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Episode 3: The Two Wars

Blindspot
39min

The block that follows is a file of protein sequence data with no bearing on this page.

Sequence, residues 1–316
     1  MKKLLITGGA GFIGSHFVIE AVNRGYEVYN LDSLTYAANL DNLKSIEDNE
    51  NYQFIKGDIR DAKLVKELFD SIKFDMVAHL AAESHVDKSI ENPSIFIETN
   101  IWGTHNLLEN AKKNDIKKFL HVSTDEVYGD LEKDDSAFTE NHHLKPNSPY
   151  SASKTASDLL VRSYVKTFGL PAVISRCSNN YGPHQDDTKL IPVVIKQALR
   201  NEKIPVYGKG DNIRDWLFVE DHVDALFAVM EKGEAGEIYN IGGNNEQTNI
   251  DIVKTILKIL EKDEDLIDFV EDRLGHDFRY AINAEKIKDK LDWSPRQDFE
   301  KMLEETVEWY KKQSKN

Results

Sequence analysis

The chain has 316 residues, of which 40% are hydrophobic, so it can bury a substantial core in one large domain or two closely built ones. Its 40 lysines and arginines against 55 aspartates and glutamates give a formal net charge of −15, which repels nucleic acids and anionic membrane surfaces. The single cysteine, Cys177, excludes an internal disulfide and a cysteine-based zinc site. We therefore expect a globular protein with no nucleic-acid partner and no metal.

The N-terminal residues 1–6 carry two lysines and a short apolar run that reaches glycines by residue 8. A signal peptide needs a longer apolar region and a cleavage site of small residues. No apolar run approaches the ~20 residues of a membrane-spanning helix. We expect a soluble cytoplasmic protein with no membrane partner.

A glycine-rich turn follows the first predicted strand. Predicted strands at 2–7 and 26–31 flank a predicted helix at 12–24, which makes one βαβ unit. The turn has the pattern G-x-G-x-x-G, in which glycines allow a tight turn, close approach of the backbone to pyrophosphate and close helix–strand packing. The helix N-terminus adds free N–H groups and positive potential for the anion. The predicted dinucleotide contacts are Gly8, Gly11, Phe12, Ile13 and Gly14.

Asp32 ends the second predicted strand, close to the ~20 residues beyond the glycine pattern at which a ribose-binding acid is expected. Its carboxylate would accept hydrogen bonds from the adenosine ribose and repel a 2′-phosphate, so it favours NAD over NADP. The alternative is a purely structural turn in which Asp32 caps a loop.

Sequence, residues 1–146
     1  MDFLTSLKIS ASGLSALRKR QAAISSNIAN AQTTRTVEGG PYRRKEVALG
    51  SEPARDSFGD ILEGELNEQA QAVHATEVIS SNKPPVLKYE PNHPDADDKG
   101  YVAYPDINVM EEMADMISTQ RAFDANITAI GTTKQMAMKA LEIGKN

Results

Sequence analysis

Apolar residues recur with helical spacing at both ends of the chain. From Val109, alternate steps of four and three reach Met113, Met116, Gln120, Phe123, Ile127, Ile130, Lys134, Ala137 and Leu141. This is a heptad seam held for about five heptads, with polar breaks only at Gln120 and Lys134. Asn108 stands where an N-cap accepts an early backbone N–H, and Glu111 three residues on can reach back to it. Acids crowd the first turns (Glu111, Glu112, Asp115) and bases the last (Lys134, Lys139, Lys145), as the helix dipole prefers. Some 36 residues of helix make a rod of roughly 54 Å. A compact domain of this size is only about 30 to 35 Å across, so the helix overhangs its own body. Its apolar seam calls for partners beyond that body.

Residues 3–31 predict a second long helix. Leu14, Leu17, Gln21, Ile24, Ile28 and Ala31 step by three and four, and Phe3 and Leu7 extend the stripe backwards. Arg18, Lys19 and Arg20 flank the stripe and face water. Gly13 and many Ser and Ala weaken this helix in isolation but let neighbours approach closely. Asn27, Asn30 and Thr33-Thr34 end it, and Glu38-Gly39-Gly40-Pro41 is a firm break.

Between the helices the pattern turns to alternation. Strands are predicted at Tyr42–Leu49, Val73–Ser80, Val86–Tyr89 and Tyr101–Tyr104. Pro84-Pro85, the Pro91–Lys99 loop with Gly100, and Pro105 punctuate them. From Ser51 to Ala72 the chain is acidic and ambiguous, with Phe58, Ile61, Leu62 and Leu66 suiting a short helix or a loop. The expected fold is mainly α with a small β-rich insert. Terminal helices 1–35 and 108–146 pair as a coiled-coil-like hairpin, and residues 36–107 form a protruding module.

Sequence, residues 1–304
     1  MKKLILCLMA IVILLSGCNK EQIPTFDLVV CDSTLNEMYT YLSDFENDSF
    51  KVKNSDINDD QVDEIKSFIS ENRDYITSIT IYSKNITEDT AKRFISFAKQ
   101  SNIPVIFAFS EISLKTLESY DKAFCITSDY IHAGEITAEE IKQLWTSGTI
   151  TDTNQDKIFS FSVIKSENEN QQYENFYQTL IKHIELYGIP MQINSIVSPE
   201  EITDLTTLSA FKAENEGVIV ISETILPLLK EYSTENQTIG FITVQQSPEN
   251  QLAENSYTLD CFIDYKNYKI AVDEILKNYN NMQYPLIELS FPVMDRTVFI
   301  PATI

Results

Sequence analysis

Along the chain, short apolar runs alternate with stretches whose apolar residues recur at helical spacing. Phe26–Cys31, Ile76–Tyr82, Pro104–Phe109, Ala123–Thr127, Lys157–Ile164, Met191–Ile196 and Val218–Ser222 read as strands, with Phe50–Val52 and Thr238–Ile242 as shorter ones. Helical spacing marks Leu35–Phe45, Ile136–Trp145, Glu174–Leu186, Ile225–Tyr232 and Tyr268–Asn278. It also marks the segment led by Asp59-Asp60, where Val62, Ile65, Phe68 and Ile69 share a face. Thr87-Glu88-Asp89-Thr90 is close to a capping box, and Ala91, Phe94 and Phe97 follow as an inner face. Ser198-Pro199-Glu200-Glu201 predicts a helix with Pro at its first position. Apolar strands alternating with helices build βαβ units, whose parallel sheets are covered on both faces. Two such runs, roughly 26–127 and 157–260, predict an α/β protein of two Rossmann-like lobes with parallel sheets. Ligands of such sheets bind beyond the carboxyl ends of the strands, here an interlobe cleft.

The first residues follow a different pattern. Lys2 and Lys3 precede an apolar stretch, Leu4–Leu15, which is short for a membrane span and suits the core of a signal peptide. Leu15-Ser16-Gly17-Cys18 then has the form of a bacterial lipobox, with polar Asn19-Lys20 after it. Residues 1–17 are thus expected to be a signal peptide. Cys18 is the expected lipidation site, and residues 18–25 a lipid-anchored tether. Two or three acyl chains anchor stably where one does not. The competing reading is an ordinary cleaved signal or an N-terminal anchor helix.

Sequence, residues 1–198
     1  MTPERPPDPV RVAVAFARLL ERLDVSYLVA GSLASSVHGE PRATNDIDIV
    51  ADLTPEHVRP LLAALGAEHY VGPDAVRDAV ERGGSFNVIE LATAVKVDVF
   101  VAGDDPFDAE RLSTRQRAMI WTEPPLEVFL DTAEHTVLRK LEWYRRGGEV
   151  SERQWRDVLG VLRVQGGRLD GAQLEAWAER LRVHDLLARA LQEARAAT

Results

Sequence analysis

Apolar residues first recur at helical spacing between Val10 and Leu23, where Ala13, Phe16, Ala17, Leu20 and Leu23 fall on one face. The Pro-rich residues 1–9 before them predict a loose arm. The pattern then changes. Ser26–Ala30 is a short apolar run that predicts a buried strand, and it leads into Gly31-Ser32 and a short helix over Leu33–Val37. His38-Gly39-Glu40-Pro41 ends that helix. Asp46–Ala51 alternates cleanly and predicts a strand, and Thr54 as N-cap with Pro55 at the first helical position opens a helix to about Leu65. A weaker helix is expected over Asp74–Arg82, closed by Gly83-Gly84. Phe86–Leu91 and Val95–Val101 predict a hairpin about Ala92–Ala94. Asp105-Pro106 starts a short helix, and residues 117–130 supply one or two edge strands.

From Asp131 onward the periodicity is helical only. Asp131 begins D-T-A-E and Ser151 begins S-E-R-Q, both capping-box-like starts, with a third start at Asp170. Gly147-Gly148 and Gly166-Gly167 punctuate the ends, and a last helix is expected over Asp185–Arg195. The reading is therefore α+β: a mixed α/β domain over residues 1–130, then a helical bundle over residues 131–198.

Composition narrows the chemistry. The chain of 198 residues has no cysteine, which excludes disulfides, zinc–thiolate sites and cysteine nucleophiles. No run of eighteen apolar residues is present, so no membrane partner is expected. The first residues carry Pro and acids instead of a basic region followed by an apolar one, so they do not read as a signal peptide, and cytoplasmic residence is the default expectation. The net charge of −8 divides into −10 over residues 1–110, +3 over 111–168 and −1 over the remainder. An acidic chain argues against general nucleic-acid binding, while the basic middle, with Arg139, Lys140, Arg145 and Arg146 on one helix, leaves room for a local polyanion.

When the U.S. entered World War I, W.E.B. DuBois and Tulsa lawyer B.C. Franklin saw a rare opportunity: Black Americans serving in the military might finally persuade white citizens that they deserved equal respect. But the discrimination they faced in civilian life continued in the trenches and on the homefront. After the war, white mobs plundered and burned Black neighborhoods throughout the country. And during the “Red Summer” of 1919, whites lynched more than 80 people, including Black veterans. Groups like the African Blood Brotherhood responded by urging people to defend themselves — with force, if necessary. On May 31, 1921 the fight arrived in Greenwood.

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